One of the reasons the panel went off in this direction was because of the questioning of commissioner Don Berwick, a former Democratic Party candidate for governor who advocated for a single-payer system. Berwick has recently written about health care waste, and engaged in an interesting discussion with Dr. Apkon of Tufts, who previously was the CEO of a children’s hospital in Toronto and has experience working in the Canadian single-payer system.
Apkon said the best way to reduce complexity and waste from a hospital perspective would be to adopt a single fee schedule across all payers. He said Tufts Medical Center spends over $50 million on administrative costs to obtain its hospital revenues through multiple payment sources, while his similarly sized hospital in Canada spent only $1.4 million.
Apkon told the commission that the American health care system may be more innovative at the micro level – as in using some new technology for diagnosis or treatment. But he said it’s actually much easier to be innovative in Canada at the macro level, with the ability of government to implement systemwide payment reform or in mandating that all providers’ health records are available to each other electronically. He also said the Canadian system offers the same level of timeliness for urgent or emergent care as the American system.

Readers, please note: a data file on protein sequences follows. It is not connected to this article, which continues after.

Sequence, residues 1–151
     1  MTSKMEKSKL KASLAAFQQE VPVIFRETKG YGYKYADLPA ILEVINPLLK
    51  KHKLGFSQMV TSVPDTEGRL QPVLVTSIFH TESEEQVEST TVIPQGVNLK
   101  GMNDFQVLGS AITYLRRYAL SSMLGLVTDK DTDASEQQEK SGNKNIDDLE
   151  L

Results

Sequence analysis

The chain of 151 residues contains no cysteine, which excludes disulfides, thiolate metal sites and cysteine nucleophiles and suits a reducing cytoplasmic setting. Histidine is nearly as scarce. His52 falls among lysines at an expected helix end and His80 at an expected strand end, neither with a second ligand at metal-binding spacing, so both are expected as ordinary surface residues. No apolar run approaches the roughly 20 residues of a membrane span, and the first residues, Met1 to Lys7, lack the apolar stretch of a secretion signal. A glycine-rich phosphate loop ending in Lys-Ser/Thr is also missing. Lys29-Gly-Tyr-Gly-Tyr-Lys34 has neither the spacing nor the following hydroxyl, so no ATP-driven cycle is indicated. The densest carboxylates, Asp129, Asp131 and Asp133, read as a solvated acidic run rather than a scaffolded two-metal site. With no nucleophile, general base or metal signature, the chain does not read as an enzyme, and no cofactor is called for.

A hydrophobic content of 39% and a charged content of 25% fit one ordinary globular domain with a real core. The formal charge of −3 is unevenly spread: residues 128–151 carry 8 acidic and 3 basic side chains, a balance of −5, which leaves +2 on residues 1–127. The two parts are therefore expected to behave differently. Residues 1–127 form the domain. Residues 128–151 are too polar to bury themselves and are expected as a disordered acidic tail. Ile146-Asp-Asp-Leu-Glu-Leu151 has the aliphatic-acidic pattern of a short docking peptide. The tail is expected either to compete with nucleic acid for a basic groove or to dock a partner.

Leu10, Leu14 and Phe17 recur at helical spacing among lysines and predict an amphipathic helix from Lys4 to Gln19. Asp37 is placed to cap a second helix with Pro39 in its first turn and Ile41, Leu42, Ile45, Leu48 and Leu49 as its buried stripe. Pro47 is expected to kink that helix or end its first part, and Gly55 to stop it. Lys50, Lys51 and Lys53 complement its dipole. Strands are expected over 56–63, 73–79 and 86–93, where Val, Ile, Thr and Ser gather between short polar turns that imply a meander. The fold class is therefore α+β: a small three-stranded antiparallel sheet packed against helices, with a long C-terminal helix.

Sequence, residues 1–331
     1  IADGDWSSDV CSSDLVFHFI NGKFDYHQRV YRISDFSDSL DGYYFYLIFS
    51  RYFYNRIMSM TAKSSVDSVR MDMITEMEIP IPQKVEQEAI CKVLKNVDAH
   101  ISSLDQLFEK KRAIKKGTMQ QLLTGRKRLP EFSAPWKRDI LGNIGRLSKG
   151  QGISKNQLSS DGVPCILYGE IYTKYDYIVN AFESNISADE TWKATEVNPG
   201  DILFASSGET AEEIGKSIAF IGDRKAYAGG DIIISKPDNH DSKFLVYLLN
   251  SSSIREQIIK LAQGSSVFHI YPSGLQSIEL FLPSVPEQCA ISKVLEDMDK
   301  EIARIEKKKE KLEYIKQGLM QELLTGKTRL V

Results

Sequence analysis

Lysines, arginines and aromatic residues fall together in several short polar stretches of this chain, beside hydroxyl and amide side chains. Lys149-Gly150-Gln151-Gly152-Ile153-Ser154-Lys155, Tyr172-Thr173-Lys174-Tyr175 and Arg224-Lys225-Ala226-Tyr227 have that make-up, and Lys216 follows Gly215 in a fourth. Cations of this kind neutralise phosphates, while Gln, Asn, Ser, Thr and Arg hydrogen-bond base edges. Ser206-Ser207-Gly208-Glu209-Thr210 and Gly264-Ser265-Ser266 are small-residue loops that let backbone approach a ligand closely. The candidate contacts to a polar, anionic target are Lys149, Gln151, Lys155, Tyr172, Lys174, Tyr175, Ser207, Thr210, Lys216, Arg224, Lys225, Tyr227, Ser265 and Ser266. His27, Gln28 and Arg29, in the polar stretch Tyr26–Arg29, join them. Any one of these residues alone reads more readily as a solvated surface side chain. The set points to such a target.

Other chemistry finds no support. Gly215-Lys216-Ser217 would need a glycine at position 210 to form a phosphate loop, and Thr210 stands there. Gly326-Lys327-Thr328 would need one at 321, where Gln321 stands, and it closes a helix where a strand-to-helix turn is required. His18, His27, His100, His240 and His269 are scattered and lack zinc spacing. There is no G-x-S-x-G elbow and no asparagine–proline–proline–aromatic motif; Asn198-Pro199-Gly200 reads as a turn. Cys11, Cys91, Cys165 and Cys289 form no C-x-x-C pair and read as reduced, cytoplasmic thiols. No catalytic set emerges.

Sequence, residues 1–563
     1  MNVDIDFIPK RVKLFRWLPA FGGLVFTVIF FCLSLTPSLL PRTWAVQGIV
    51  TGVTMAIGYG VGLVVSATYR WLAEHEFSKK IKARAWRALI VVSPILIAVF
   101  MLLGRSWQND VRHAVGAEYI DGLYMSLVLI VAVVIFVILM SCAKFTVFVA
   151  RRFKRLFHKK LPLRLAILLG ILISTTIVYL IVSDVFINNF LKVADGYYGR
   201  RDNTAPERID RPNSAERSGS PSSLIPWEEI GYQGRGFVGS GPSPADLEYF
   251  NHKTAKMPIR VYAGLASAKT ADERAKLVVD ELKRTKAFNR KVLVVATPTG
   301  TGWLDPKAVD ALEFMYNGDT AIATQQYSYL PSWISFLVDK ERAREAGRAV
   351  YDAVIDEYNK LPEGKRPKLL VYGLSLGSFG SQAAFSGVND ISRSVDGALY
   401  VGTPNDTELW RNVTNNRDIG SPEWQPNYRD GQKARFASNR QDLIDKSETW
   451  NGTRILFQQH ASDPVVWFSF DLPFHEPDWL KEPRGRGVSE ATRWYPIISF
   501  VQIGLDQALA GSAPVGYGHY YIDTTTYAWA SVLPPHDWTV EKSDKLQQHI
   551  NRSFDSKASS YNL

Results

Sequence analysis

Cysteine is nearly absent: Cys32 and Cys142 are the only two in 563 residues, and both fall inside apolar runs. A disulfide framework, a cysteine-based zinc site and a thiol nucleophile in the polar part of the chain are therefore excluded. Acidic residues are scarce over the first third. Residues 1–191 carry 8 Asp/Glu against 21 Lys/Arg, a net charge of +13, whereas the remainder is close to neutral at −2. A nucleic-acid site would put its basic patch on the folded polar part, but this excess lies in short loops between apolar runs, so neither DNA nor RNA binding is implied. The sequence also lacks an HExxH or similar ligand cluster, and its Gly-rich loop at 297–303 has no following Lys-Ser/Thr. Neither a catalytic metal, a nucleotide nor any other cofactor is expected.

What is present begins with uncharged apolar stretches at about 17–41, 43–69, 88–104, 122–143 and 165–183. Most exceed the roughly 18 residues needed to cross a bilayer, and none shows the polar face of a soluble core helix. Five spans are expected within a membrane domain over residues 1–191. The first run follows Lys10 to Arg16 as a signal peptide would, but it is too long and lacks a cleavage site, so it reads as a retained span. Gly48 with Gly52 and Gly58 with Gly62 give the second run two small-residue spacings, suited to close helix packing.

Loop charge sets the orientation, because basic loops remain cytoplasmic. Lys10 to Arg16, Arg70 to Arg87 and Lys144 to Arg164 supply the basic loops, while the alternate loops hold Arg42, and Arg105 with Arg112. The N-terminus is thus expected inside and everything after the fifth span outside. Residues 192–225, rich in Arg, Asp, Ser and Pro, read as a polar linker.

Lessons from Rhode Island
Dr. Marie Ganim, the health insurance commissioner in Rhode Island, and Chris Koller, president of Milbank Memorial Fund, outlined how the state doubled primary care spending between 2010 and 2015. The goal was not just to spend more on primary care by paying higher fee-for-service rates, but to transform the structure of Rhode Island health care by giving primary care doctors more authority and more incentives to deliver a more comprehensive, coordinated and patient-centered form of primary care.
About 70 percent of Rhode Island primary care practices have transformed in some way since 2010, and many now are trying to incorporate behavioral health within the practices. Koller emphasized that it was important to bring affected clinicians and even the public into the planning and discussion of primary care transformation—and to avoid having a model shaped primarily by those whose interests are to maintain more of a procedural medicine orientation.